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Saturday, May 17, 2008

Another "beautiful" mind

He tells the shrink that he’s been diagnosed as schizophrenic, schizoaffective disorder and bipolar. He’s been hospitalized several times, treated with Haldol & Prolixin. Now, he’s taking Abilify.

He also tells him that his marriage was destroyed by the FBI. They took his wife as part of a vast complex conspiracy involving Central Stargate and MK Ultra.

His codename is "The Victim" but he’s not allowed to utter that term. He’s studied remote viewing which allows him to see what others can’t. But others in his family have that power and they’ve been using it to ruin his life, including destroying his marriage. A human cyborg program, begun in Las Vegas, sent an agent to L.A. who is after him.

He’s in court because he threatened to kill a good friend because he thought he was having affairs with his ex-wife and his sister. They know he needs help but he scared them. He’s been smoking grass and it worsens his delusions.

The shrink tells his lawyer that using a mental defense is dangerous because incarceration of this kind of chronic mental patient can become indeterminate. In other words, if he is NGI, incurable, and dangerous, he could be warehoused.

His lawyer gets him through a plea after the DA agrees to take one count for probation and time served. A good deal, given the potential.

Of course, as soon as he’s out, he wants to withdraw his plea. He comes to court needing a bath. He’s got a folder with scribbled notes, arrows, boxes, attempts to make coherent thoughts connect. His affect is clearly mental, several ticks away from the usual client, whose reasoning and credibility is faulty. He is more pathetic; his buyer’s remorse is filled with more than the usual claims of coercion, misrepresentation by his appointed lawyer, his expectations.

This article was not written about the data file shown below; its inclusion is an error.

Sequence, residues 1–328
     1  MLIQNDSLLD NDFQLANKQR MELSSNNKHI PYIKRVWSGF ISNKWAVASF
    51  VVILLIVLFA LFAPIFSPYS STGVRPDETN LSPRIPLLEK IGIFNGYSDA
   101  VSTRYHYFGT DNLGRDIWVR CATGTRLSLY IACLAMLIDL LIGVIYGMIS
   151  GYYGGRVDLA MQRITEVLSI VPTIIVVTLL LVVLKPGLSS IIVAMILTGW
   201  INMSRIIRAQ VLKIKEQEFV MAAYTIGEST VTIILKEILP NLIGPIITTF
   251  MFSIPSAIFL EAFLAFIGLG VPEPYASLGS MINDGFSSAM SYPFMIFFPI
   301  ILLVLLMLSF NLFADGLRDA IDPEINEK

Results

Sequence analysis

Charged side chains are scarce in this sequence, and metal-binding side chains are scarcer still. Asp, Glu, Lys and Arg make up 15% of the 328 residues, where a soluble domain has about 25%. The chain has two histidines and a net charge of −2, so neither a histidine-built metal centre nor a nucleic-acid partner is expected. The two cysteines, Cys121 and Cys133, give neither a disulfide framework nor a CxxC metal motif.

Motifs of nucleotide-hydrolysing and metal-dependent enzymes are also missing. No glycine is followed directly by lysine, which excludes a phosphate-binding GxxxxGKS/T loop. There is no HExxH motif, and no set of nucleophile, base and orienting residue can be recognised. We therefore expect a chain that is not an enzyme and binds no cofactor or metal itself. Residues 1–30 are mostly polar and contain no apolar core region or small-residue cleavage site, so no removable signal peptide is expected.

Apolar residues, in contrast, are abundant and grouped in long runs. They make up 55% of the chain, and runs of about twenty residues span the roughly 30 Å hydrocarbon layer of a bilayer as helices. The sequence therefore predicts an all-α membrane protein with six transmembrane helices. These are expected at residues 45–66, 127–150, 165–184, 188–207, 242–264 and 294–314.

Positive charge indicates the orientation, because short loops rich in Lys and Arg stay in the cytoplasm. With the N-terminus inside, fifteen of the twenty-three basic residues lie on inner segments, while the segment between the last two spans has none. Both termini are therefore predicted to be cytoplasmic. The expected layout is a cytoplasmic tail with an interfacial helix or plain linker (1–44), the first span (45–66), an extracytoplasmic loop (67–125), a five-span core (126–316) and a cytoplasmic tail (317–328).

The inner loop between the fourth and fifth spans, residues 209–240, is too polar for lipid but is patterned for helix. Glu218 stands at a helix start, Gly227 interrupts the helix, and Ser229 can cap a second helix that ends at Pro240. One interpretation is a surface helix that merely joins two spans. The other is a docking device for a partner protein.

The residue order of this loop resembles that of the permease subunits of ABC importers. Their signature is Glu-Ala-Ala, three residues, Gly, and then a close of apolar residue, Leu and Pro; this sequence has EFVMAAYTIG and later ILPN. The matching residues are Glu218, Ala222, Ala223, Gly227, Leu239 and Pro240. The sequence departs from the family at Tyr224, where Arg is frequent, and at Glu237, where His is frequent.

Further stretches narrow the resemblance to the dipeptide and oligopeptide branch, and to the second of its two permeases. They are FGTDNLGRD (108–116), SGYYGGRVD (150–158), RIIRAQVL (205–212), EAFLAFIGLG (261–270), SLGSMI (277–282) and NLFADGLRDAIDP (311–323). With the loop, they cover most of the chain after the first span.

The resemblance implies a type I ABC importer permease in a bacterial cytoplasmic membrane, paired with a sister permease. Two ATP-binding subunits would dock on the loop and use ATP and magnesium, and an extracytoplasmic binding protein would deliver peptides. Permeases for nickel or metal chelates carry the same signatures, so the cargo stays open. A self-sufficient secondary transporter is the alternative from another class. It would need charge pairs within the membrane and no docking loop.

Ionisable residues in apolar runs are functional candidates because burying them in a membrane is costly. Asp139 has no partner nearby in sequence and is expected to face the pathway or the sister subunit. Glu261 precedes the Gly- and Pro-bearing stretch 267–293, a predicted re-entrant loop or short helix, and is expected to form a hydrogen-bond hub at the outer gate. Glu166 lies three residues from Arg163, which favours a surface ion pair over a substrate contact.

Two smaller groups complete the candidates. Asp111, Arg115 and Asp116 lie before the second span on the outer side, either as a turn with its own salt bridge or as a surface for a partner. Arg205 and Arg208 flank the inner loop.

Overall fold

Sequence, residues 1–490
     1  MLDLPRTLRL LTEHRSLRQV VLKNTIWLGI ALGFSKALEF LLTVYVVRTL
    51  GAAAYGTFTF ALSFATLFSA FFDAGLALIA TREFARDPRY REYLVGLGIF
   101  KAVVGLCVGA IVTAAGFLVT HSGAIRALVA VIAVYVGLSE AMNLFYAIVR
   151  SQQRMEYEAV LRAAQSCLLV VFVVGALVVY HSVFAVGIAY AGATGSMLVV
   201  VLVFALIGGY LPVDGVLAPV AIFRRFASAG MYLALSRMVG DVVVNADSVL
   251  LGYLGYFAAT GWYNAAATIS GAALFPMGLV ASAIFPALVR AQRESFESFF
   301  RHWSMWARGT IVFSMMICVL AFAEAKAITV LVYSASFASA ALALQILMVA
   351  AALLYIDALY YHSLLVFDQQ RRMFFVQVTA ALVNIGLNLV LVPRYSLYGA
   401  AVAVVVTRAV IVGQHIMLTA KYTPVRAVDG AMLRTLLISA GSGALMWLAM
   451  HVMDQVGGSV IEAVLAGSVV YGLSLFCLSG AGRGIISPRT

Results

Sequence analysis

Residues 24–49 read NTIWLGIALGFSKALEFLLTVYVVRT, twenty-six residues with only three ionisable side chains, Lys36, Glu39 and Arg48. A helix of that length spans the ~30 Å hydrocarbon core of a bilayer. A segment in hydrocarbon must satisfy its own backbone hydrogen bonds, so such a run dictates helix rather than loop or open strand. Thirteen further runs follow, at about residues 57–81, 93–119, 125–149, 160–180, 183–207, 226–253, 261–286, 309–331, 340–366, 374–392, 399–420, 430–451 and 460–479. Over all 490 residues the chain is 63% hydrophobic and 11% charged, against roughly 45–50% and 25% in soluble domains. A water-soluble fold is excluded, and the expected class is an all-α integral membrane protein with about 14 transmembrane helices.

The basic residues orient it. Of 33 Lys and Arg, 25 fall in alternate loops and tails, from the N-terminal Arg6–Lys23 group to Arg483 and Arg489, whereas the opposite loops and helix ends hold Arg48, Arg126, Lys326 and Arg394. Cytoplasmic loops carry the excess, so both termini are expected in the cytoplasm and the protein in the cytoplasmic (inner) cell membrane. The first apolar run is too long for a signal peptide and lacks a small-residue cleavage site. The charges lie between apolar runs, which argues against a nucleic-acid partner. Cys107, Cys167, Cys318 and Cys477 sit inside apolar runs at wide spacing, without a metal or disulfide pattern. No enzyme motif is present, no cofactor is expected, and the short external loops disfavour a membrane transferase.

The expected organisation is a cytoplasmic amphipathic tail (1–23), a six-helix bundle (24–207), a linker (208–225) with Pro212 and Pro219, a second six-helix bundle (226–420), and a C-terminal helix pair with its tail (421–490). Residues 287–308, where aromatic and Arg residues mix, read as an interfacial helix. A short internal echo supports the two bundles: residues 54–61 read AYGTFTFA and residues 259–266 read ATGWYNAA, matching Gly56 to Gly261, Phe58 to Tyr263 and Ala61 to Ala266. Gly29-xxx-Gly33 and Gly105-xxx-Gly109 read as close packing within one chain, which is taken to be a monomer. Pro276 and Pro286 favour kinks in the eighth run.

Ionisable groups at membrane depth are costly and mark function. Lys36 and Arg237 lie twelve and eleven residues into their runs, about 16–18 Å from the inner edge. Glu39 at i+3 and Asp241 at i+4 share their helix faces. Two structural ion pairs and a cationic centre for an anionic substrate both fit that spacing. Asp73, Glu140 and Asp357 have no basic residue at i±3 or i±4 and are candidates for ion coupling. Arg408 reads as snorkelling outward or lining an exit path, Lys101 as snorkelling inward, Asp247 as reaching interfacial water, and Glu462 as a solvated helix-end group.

It’s evident that he is stuck in a no-win Catch-22 (as was his lawyer). Asserting his version of the case would have been futile - he would have lost, and the result would have been to scare the court (and the D.A.) into fearing his future acting out on his paranoia. They would have envisioned headlines: "Mental Patient Freed By Court Kills ..."

But he can’t succeed on probation, either. The court has imposed a bewildering array of conditions: anger management classes, drug counseling classes, drug testing, reporting, fines, fees, restitution, keep-away orders from "victims" including family and friends.

In court, his affect - as the shrinks politely put it - is inappropriate. He can’t keep quiet, rambles, won’t directly answer questions, interrupts the judge, never accepts an outcome the way a civilized condemned defendant and contrite probationer is supposed to.

The judge properly denies his motion to withdraw his plea and orders him back on probation. He’s not satisfied, becomes agitated, makes faces and noises. The judge loses patience after her short fuse (its Friday afternoon) expires. She screams at him. Orders him to leave the court, then to be remanded. Back-up bailiffs appear, each bigger than the other, ready to pounce. The judge relents. He leaves the court.

He’ll be back.

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